In modern times, it has become commonplace to refer to a variety of emotional and physical conditions with the blanket term “stress”. People will often use the excuse “I’m stressed out” to mean “I am physically ill with panic and anxiety” or “I am so depressed I can hardly function” or simply, “I have over-scheduled myself”. There are so many common conditions that range from mild to deadly serious that relate to emotion health. In American society, we have put too much emphasis on productivity, and have connected being overly productive to being successful and even popular. An imbalance is highly likely to occur when we chronically over-work ourselves and do not take the time to reflect and process our emotions. Because our society in general views mental health problems as abnormal and undesired, people experiencing emotional issues are likely to keep them to themselves, become isolated, and exacerbate the problem. There are probably many high functioning people with anxiety, depression, PTSD, eating disorders or a similar condition in your life right now. Maybe you quietly suffer yourself.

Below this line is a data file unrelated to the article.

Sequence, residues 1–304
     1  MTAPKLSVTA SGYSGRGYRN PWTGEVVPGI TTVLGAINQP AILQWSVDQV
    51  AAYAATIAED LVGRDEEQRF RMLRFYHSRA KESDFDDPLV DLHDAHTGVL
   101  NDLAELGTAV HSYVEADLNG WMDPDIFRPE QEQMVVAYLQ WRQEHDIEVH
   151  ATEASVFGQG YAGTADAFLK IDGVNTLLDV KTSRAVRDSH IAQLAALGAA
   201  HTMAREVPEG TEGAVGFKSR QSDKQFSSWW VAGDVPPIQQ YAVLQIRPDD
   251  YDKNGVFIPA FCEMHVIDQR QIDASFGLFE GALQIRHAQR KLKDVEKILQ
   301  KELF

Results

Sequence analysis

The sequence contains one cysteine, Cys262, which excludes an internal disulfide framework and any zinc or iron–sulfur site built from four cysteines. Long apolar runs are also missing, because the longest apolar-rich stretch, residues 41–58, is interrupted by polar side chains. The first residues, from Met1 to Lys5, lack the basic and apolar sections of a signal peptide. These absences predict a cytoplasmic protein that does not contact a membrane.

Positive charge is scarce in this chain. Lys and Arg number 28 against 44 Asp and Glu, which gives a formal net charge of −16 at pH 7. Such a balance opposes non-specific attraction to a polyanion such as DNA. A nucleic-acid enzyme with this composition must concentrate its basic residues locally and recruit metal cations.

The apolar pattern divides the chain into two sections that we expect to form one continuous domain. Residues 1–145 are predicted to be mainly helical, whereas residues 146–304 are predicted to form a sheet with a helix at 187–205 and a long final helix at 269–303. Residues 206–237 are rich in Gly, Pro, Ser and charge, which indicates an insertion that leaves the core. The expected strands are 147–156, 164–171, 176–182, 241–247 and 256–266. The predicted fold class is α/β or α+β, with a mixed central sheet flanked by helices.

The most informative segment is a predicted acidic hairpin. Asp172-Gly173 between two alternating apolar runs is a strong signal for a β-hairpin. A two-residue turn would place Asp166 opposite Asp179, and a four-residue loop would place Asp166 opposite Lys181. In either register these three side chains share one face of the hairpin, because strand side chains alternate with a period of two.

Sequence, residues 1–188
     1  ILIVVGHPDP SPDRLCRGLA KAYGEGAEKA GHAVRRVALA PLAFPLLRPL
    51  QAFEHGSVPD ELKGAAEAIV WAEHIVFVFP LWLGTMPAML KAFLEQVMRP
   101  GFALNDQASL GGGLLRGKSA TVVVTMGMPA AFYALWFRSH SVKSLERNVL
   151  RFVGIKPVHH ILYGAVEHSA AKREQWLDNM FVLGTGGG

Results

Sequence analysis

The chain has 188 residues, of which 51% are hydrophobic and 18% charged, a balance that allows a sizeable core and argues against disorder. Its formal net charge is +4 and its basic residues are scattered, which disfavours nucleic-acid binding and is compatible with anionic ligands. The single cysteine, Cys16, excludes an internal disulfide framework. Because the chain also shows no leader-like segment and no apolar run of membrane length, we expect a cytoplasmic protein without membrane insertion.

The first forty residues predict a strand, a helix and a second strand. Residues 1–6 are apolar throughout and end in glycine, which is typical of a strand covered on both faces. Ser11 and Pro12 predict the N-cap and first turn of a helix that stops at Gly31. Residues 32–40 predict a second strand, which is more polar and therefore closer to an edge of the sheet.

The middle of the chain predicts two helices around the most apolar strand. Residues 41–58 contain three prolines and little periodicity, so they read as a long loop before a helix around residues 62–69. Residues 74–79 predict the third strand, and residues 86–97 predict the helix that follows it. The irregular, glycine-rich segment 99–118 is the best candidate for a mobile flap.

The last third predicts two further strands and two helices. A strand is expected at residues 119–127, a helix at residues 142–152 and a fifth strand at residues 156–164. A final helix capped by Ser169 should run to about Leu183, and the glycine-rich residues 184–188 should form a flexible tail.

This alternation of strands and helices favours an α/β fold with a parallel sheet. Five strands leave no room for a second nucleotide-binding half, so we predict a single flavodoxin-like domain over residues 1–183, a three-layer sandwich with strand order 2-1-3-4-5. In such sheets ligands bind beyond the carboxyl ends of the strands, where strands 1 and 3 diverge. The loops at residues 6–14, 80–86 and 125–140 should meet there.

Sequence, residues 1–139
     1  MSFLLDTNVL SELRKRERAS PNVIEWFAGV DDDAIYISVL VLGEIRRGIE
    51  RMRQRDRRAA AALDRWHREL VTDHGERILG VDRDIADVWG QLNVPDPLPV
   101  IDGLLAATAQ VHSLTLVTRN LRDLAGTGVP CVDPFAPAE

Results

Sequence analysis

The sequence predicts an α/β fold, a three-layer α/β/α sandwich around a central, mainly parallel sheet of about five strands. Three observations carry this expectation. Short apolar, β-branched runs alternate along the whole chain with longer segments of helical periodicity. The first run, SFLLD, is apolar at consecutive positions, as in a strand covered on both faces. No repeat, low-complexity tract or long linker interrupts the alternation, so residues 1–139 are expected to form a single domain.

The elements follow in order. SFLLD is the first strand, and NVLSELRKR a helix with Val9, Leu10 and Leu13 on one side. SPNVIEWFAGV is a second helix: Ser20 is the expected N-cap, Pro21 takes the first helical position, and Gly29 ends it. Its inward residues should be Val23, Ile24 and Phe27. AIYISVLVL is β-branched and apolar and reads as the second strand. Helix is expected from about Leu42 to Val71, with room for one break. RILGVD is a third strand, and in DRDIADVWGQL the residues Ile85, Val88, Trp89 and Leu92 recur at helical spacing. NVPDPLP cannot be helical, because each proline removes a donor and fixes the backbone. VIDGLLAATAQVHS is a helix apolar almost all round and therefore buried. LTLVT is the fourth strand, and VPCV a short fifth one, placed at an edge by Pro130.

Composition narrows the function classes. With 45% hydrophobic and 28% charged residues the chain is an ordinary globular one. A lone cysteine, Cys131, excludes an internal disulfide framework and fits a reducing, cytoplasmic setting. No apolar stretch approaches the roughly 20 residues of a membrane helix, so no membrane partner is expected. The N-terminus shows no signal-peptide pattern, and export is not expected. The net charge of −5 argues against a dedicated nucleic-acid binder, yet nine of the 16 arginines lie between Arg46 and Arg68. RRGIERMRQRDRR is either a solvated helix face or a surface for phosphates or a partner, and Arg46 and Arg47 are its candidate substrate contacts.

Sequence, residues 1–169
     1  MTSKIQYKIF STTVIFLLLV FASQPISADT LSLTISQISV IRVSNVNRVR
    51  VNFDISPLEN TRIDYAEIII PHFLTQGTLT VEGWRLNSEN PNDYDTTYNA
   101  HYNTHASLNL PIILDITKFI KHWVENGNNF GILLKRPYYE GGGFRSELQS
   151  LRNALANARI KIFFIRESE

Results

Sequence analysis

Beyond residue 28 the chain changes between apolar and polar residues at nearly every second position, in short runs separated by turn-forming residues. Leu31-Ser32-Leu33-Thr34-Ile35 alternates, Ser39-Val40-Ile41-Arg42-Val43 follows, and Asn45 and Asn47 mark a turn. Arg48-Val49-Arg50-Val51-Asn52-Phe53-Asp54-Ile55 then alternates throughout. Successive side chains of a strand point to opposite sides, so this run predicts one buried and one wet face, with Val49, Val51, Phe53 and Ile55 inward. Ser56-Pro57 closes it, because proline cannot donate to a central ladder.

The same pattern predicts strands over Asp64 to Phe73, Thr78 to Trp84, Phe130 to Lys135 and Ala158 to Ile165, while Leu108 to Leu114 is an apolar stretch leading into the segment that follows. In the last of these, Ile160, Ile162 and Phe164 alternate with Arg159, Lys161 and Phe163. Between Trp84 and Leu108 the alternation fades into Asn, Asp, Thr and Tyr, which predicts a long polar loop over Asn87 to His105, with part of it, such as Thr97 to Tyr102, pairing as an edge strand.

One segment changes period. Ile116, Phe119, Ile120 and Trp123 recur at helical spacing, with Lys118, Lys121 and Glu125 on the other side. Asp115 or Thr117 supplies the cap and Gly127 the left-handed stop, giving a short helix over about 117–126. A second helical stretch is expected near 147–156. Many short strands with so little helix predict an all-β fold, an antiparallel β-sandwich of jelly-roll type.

Today I will present some tips on how to “weather the storm” and regain balance if you are suffering from an emotional health issue. I have found these practices helpful for my own battles with anxiety, depression and PTSD. I hope they will help you no matter what your situation. Continue reading